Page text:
Software developer for non-CS graduates

Dear members,

Can I become a software developer even if I don’t have CS degree.
I am from a commerce background and not good with maths.

What is it require to become a software developer/engineer.

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Can I become a software developer even if I don’t have CS degree.

Yes, a lot of people do it, including me. There will be some jobs for which you will not qualify, but there will also be many for which you will.

Can I become a software developer even if I don’t have CS degree.

You need math to be a developer, but you don’t really need advanced math. You need very basic number theory. You need understand some basic geometric reasoning and simple algebra. (I mean like "y = 5 and x = y * 4 - 3 solve for x" kind of stuff.) There may be subfields (data science, anything involving statistics, etc.) where you need more advanced math, but most 6th graders have been exposed to as much math as you’re likely to need - at least for the basic stuff. I think people worry too much about this.

Well, that is a big, big question. Most generally, you need to know how to build stuff and you need some examples of stuff you’ve built. I wrote a doc here with some advice and the user P1xt used to haunt these halls and she wrote up and excellent series of guides here. My approach is more “how do I get my first job” and hers is more “how do I prepare myself to excel in this field”.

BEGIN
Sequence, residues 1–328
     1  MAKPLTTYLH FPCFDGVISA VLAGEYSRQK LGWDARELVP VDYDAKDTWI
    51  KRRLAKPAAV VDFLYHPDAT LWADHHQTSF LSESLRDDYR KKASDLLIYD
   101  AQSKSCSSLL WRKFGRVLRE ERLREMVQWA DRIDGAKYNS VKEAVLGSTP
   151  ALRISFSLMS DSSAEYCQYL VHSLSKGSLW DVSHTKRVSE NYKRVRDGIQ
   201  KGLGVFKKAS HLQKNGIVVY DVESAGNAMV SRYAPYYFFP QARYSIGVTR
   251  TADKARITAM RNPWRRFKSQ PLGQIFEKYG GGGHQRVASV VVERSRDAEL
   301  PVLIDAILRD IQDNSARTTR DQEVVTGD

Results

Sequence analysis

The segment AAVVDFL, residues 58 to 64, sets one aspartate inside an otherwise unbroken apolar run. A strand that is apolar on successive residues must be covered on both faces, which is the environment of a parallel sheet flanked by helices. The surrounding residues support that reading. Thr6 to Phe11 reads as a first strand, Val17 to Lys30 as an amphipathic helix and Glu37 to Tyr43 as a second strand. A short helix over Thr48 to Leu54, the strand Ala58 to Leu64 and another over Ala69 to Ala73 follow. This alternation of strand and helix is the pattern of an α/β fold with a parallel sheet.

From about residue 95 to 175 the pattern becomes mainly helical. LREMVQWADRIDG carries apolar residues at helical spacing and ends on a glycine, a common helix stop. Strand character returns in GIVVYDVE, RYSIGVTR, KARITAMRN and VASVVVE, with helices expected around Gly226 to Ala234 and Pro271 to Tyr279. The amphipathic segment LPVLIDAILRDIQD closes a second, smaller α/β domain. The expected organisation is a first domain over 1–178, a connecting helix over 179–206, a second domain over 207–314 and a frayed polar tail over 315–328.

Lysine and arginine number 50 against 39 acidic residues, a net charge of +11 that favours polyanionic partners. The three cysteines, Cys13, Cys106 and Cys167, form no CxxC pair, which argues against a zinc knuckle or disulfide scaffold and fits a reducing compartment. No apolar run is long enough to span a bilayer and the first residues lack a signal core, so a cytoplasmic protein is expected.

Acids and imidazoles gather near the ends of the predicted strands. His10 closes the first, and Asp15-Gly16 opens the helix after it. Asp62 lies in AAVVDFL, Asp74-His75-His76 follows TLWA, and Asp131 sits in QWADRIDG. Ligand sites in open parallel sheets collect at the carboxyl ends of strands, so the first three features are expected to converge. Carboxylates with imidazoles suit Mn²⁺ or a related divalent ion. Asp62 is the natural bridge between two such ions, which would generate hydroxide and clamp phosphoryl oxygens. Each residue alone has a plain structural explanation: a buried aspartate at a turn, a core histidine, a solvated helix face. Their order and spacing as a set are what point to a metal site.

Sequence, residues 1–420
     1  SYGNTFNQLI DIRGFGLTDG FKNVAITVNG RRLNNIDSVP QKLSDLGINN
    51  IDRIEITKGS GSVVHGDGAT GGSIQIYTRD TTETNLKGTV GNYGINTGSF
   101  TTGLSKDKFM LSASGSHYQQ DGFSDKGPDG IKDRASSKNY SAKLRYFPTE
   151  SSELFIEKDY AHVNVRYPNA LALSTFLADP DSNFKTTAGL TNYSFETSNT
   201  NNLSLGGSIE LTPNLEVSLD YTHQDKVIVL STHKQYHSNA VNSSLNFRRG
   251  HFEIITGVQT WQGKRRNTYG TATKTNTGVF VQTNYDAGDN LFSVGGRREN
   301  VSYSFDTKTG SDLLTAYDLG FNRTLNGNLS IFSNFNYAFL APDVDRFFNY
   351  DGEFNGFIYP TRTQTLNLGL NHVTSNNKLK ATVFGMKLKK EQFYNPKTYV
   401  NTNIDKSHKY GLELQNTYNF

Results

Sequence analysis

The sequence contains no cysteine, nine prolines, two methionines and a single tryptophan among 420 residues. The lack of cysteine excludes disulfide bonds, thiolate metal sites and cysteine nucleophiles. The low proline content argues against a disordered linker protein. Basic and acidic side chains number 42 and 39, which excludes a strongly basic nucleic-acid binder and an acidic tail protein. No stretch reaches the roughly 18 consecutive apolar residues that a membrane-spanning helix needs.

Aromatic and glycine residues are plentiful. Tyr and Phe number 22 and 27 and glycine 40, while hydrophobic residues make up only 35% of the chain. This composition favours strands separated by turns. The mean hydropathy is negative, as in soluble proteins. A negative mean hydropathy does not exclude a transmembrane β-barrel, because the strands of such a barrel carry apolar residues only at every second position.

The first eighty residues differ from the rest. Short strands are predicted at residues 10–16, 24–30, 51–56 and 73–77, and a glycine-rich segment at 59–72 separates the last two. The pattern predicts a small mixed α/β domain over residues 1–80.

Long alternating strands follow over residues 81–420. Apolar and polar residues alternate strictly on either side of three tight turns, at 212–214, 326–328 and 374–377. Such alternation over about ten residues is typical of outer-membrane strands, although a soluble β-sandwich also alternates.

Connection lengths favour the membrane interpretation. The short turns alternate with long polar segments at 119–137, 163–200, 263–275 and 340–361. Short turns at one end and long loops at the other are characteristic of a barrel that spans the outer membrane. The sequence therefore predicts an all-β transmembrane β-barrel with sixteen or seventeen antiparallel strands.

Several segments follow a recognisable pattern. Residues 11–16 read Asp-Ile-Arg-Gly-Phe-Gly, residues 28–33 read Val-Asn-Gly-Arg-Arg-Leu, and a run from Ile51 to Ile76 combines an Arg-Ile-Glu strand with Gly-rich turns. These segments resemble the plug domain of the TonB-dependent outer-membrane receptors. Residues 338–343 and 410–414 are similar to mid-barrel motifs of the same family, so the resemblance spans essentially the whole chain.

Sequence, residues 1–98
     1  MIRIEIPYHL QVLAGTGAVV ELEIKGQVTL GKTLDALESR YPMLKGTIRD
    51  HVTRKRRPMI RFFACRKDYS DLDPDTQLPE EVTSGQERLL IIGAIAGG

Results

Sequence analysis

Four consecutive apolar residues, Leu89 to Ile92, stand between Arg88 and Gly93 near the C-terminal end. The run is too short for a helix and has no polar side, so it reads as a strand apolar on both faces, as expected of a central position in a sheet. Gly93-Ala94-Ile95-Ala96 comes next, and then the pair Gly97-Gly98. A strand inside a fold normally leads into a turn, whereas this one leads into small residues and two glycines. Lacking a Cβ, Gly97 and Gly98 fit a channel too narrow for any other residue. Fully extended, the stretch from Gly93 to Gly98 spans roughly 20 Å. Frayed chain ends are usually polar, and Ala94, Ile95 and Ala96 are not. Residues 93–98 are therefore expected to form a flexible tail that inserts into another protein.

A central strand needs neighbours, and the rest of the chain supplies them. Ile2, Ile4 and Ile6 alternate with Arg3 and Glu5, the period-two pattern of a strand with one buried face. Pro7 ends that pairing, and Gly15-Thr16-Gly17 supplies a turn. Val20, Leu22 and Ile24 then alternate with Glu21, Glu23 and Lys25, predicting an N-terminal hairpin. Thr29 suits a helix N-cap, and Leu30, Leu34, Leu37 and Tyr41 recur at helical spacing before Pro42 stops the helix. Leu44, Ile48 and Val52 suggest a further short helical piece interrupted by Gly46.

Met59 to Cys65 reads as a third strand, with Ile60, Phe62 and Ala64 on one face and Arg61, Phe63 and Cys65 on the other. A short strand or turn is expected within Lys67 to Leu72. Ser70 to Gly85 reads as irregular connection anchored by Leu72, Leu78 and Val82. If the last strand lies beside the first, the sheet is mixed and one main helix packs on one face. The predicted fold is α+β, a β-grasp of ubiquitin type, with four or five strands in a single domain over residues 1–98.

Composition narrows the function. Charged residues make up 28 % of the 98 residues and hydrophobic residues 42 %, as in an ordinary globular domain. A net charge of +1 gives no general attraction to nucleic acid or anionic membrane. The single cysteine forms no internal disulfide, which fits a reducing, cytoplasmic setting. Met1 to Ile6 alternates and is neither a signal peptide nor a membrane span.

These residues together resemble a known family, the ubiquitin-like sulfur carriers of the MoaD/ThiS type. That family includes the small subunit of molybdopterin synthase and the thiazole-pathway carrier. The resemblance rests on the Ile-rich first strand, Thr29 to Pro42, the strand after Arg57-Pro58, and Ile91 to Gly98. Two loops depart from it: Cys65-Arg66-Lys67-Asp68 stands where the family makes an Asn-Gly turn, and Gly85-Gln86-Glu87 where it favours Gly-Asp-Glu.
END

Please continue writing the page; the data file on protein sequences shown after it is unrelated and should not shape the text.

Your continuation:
Hi Kushwaha,

There are a lot of companies that would disregard the piece of paper, but they’re not going to ignore the expertise shortages.

Many men, with or without a degree in CS, can’t be employed in a good company with less than 2 years or so of intensive study (by learning I don’t mean reading books, but by focusing on improving your skills).

What kind of programs have you set up? Were they enough advanced to be seen as evidence that you know how to deal with large and complicated codebases written mostly by many people?

One way to prove this is by contributing to a wide-open source project. Open-source initiatives (at least well-run ones) are usually meritocratic and are “ruled” by the most qualified participants. It’s often a lot less manipulative than in corporations, where rewards rely on many other factors.

The first thing I’d do is try to understand the “big picture” idea. What are the main components and how they work together? Then try fixing minor glitches and maybe introducing small features to further boost the codebase awareness. Finally, you want to make a larger difference.

If you’re able to make any major contributions to a massive open source project, you won’t have a problem finding a job.